Swedish ethnologist Erik Ottoson of Uppsala University studies how people browse at flea markets, wander through malls, window shop, and even dumpster-dive, to understand the psychology of "searching." Specifically, Ottoson focuses on "serendipitous searching," what he defines as "open browsing for anything that awakens the person's interest." It would be interesting to compare Ottoson's research on real world searching with serendipitous searching online. From his PhD thesis, titled "Seeking One's Own: On Encounters Between Individuals and Objects":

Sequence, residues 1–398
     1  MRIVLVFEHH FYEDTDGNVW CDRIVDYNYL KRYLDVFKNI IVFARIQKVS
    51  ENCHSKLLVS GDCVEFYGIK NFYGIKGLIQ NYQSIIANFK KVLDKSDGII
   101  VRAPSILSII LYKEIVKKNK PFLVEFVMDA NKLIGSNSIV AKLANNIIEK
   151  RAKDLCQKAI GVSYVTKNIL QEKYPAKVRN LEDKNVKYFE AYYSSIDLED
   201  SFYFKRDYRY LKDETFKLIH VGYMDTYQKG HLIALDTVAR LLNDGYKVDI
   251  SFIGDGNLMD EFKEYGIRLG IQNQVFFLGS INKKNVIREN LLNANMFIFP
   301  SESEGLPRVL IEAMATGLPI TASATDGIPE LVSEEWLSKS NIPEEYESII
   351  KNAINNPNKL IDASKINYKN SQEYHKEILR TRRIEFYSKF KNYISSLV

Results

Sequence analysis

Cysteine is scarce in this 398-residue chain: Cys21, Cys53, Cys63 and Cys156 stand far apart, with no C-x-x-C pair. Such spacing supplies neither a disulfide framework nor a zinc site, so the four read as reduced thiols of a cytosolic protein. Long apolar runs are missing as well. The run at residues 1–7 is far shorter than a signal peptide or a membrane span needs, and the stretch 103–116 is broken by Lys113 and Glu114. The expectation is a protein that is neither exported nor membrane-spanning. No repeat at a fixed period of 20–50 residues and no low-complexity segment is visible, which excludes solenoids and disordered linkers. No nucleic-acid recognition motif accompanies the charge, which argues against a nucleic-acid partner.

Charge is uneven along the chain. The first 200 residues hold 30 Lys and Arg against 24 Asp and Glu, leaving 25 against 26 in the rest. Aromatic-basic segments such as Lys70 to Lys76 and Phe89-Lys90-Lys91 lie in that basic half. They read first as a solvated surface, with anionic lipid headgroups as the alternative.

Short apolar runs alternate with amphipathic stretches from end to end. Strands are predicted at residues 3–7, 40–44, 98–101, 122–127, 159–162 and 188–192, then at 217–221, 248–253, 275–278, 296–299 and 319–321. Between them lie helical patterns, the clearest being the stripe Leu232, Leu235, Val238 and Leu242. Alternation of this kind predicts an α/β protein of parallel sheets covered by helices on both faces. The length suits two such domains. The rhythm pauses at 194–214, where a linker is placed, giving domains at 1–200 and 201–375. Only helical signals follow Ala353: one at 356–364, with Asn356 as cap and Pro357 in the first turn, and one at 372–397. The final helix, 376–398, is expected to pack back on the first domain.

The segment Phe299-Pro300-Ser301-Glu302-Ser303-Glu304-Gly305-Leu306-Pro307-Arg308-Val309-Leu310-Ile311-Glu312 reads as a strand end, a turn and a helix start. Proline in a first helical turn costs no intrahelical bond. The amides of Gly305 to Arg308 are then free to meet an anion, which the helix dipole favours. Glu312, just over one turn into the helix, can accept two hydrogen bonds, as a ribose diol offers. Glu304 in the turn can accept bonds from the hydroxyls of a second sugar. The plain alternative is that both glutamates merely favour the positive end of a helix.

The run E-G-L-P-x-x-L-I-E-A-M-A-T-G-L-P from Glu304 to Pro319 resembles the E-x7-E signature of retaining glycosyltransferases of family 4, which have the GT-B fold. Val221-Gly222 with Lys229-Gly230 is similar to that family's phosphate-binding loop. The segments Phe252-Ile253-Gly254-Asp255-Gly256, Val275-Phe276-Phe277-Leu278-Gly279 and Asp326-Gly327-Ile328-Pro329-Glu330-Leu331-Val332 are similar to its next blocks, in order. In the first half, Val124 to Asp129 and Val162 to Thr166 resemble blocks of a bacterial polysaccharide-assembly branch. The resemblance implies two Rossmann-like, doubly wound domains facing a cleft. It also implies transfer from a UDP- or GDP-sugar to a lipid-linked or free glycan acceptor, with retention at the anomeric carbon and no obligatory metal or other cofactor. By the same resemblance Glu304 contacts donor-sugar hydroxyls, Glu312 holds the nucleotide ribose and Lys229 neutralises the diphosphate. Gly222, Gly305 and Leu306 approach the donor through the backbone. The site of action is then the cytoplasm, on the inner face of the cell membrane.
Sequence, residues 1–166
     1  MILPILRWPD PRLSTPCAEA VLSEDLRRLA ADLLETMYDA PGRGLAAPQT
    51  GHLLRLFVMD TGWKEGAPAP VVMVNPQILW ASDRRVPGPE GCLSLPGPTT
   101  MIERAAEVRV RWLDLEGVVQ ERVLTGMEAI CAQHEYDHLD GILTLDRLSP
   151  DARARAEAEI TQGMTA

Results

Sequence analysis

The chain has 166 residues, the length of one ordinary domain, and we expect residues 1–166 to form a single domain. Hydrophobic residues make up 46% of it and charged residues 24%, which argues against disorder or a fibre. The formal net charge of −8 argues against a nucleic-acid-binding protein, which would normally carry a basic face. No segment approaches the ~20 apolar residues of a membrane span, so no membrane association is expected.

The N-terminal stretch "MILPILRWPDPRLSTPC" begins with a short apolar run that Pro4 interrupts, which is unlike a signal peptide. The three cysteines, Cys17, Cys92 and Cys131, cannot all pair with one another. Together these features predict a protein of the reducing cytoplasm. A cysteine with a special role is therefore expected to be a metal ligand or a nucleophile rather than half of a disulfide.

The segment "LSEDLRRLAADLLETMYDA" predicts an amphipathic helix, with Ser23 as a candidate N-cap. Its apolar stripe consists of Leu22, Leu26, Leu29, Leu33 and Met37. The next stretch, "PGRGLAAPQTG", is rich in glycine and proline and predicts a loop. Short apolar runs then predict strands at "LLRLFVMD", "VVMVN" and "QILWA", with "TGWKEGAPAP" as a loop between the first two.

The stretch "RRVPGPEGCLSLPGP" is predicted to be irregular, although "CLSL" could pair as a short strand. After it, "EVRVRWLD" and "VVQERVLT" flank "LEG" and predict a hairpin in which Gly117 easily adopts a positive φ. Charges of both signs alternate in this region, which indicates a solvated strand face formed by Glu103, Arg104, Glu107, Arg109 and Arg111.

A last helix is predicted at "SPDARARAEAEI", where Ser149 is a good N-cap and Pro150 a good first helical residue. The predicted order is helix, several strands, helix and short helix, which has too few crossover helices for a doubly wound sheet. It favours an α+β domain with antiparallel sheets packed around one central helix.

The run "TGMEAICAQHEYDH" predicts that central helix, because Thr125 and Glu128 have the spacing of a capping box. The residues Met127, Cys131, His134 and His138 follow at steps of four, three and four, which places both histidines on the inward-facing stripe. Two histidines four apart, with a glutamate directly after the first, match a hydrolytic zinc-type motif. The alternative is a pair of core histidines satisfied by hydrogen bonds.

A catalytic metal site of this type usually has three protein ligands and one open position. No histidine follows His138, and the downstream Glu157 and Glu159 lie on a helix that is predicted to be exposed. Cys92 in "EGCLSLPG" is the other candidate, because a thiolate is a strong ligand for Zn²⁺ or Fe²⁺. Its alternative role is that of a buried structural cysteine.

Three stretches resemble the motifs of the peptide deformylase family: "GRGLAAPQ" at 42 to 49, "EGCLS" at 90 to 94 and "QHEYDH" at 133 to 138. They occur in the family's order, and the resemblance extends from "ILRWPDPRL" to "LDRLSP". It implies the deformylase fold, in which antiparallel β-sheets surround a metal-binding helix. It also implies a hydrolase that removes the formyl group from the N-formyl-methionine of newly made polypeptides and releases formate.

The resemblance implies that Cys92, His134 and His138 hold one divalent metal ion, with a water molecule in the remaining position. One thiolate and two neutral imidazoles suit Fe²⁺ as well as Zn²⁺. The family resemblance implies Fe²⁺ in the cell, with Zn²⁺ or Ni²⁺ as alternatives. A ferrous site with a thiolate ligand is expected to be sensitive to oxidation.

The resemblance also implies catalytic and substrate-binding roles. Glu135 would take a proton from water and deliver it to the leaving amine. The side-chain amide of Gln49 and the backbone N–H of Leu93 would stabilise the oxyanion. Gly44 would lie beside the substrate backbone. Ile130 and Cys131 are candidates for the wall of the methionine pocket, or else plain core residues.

The people in the study are not just looking for certain things – they are also seeking to come to terms with what they are actually looking for. Ideals of what is beautiful, useful and reasonable materialise in conjunction with the experience of what is available and what is absent or out of reach. It is suggested that this mode of looking for goods is not only about purchase deliberations, but more importantly is a specific way of interacting with the world and making places meaningful. It can be viewed as a way of creating and moderating anticipation, and thereby cultivating affect. Searching for things thus becomes an experiential horizon.Link to thesis abstract, Link to press release
David Pescovitz is Boing Boing's co-editor/managing partner. He's also a research director at Institute for the Future. On Instagram, he's @pesco.